A new discovery in gravitational light waves lends more credence to the Big Bang theory, and people at UF involved in the field are weighing in on the discovery.
The BICEP2 telescope was the first to produce specific images of gravitational light waves. Scientists said these images further confirm that a period of “inflation” — or expansion — happened after the Big Bang, CNN reported Tuesday.
“The new experiment really helps uncover more of the details of the Big Bang,” UF physics professor Clifford Will wrote in an email.
Jamie Bock, physics professor at the California Institute of Technology, and Chao-Lin Kuo, a Stanford University assistant physics professor, announced the breakthrough Monday.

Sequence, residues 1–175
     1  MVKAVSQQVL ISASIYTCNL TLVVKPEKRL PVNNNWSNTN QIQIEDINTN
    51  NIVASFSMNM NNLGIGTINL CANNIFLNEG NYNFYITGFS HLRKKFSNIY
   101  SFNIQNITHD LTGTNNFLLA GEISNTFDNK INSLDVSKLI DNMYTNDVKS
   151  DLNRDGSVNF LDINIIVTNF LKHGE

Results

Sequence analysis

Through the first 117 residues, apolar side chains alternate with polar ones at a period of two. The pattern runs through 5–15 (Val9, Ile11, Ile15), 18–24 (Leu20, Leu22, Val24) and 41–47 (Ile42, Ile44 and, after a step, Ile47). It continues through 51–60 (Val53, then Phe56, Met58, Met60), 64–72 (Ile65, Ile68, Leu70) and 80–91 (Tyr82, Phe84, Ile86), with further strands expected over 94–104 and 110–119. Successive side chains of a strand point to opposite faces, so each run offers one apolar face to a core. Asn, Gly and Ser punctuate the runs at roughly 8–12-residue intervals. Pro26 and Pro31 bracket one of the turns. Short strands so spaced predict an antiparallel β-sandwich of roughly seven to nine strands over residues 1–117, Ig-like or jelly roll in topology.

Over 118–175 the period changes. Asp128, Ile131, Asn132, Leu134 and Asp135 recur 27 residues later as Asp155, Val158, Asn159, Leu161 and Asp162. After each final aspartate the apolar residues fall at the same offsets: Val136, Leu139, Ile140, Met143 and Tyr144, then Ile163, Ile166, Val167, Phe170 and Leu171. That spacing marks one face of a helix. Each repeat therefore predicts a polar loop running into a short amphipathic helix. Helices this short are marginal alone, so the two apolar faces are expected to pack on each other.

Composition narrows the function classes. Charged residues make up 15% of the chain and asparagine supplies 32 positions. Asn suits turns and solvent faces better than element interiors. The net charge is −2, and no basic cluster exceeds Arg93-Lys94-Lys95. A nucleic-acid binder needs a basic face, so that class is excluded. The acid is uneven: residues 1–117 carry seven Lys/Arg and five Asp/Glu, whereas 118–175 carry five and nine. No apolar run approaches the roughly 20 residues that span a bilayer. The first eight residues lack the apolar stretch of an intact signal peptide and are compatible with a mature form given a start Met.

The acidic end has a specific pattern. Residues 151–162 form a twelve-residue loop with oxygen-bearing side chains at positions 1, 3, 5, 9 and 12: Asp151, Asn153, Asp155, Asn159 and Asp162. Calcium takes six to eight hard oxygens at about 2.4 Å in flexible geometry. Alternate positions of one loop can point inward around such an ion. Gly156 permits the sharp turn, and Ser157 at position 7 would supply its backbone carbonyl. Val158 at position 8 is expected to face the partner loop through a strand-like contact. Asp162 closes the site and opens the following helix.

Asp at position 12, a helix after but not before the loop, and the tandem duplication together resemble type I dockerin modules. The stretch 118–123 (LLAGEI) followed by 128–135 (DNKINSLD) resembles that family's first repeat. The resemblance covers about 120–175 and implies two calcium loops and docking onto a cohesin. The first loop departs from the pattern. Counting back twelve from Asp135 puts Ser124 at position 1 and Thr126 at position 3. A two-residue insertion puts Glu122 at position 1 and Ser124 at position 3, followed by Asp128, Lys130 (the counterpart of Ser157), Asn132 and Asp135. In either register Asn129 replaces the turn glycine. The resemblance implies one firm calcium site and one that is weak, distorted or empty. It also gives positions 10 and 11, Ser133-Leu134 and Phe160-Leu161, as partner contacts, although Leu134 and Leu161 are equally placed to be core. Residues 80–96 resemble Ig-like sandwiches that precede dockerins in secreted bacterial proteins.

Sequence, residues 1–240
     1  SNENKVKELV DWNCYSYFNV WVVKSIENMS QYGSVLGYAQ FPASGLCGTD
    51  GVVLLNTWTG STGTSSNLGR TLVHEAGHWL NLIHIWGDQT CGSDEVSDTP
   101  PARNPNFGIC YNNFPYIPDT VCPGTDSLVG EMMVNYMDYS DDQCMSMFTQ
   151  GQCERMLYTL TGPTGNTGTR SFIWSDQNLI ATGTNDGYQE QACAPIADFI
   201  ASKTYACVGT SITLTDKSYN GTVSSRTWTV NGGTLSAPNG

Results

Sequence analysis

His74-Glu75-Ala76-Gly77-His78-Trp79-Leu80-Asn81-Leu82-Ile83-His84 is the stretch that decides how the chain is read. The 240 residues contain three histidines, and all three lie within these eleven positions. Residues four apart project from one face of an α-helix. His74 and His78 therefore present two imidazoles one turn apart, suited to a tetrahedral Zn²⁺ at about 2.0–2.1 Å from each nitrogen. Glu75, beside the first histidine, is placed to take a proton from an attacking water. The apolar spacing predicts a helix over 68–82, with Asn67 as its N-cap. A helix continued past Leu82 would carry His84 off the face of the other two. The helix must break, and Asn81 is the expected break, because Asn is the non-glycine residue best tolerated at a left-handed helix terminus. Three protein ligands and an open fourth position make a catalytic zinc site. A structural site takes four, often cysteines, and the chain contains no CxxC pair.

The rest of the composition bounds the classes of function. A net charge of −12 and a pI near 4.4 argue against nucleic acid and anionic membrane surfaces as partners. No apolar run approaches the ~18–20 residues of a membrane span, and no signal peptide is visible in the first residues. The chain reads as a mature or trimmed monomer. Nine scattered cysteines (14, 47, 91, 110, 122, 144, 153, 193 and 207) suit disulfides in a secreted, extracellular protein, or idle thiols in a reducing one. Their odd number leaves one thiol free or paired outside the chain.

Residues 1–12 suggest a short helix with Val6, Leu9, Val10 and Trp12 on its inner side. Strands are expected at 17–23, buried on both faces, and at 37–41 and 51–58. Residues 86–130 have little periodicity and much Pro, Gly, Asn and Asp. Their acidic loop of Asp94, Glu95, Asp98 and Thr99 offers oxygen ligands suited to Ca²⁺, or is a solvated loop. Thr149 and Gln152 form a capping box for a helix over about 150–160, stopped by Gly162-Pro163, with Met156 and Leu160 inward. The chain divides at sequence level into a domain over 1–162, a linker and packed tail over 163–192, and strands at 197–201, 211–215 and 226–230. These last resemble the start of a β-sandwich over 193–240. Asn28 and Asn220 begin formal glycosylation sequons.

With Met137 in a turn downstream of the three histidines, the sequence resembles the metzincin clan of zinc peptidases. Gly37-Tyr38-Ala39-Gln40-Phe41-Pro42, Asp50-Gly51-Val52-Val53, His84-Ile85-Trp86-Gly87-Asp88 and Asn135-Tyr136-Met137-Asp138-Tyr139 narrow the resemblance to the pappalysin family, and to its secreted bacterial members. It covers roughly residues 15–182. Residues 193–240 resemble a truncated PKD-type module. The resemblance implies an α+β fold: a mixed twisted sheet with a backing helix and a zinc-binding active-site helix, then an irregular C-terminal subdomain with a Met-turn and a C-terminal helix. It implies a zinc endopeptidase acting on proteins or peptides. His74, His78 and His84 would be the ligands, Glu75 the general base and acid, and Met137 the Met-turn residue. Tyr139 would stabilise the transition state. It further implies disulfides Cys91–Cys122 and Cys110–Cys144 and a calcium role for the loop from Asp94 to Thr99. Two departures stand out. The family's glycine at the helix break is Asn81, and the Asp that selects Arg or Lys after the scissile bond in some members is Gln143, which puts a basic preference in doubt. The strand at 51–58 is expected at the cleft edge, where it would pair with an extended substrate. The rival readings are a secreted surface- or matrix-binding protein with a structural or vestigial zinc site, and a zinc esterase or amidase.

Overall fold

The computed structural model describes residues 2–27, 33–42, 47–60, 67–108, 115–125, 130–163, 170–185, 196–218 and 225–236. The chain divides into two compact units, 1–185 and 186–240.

Nathan Caldwell, a 22-year-old UF physics, mathematics and software engineering senior, said inflation was a period when the universe expanded faster than the speed of light.
“One reason why the gravitational-wave discovery is so important is that we can see physical evidence for an event that happened seconds after the Big Bang,” Caldwell said.
Previous studies on the Big Bang theory have focused on radiation and temperature deviations from light that existed about 380,000 years after the bang.
In contrast, the experiments using BICEP1 and BICEP2 telescopes looked at the variations in direction of this light.
Will said these “gravitational ripples” are different levels of radiation released by atoms during what theoretical physicists believe to be the universe’s inflationary period. Circular patterns of light — the gravitational waves or ripples — were what BICEP2 researchers had been waiting for.
Will said seven UF physics professors research various types of gravity waves.
[A version of this story ran on page 8 on 3/21/2014 under the headline "Gators share reactions to recent Big Bang discovery"]